For most people, a periodic cough is perfectly normal and nothing to worry about. In some cases, however, a cough doesn’t go away and could be a sign of an underlying medical problem—everything from the common cold and asthma to cancer or chronic obstructive pulmonary disease (COPD).
Coughs that take longer than a day or two to clear can also come with other symptoms, such as irritation in the throat or trouble breathing. When a cough doesn’t go away, it can be hard to pinpoint why.
The Temple Lung Center’s Chronic Cough Program specializes in finding the cause of a cough that lasts more than 8 weeks or causes other medical problems like vomiting or trouble breathing. Once the cause is discovered, the program’s medical team can offer treatments to lessen the cough or address the underlying medical condition.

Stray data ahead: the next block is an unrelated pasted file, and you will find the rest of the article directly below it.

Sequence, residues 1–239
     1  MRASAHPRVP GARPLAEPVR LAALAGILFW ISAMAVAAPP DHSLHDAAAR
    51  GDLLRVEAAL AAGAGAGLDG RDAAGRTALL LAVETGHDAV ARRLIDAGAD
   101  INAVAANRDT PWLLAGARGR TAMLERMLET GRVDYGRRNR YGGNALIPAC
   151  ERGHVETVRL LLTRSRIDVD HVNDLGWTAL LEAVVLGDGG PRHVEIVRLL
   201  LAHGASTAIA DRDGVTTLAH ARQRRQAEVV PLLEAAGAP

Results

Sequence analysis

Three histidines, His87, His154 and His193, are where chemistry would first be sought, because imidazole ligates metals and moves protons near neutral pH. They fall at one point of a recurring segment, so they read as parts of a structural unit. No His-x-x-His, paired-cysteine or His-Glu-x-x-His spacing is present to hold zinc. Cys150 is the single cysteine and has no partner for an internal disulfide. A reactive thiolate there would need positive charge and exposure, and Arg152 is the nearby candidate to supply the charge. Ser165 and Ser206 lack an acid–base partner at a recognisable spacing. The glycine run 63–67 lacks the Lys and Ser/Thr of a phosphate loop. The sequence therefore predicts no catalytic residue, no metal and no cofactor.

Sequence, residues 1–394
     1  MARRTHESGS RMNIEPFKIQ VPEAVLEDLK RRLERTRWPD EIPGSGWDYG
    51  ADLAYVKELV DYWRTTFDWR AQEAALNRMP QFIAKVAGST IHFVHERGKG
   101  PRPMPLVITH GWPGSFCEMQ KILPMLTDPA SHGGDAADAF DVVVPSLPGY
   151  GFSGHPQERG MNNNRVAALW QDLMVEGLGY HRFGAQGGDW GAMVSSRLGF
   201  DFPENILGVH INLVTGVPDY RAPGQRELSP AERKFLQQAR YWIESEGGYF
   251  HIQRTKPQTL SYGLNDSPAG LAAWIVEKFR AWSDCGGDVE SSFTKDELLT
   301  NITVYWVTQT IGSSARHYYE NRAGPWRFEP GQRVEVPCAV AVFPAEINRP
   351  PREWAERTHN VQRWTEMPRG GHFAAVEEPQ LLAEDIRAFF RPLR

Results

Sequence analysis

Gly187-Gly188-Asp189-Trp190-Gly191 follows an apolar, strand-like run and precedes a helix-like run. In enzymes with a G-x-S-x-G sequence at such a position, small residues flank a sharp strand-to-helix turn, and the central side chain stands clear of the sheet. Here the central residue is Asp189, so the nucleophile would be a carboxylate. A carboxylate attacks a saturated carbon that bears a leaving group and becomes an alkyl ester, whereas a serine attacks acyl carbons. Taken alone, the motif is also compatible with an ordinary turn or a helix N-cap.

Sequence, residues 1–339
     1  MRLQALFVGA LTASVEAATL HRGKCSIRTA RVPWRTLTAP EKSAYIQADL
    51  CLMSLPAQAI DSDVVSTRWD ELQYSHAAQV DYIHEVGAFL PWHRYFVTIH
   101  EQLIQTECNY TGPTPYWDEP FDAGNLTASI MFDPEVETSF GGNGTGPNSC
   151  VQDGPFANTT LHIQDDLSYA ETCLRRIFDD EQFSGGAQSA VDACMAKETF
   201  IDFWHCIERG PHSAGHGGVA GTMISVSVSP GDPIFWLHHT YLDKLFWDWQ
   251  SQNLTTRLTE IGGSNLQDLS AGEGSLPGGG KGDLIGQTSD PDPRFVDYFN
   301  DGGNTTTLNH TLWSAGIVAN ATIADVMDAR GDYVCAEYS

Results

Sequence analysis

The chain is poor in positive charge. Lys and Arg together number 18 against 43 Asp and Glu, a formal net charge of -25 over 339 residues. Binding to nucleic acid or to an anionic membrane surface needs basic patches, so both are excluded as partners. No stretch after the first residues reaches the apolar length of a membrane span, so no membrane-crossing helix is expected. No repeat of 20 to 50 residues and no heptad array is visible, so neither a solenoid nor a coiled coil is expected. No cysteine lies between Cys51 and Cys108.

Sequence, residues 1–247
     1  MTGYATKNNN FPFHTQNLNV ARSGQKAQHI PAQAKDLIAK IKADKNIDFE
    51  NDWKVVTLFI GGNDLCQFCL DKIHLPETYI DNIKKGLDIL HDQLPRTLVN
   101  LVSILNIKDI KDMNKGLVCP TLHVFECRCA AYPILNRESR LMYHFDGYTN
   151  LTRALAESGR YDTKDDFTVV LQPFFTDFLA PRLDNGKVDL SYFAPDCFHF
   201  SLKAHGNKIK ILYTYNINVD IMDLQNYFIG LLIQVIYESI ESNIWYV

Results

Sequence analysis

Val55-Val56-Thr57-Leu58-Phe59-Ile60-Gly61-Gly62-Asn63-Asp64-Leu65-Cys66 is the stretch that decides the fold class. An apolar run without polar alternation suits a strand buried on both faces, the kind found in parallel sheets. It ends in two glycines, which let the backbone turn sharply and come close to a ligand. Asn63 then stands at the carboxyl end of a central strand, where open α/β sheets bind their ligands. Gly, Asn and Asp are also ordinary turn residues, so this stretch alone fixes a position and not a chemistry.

What Is a Cough?
A cough is the body’s reaction to irritation in the airways. When mucus or a foreign object needs to be removed, special receptors in the airways alert the cough center in the brain, which sends a signal to the diaphragm, abdominal muscles and rib muscles to trigger a cough.
A cough can serve various functions, including clearing mucus from the lungs and airways; restoring a normal heartbeat; or signaling a serious underlying condition. In some cases, coughing can be caused by certain medications or other common non-respiratory conditions such as allergic rhinitis (allergies) or gastroesophageal reflux disease (acid reflux).
Learn More About Chronic Cough
Sean Duffy, MD, a pulmonologist at the Temple Lung Center explains the causes of a chronic cough and when to seek specialized care.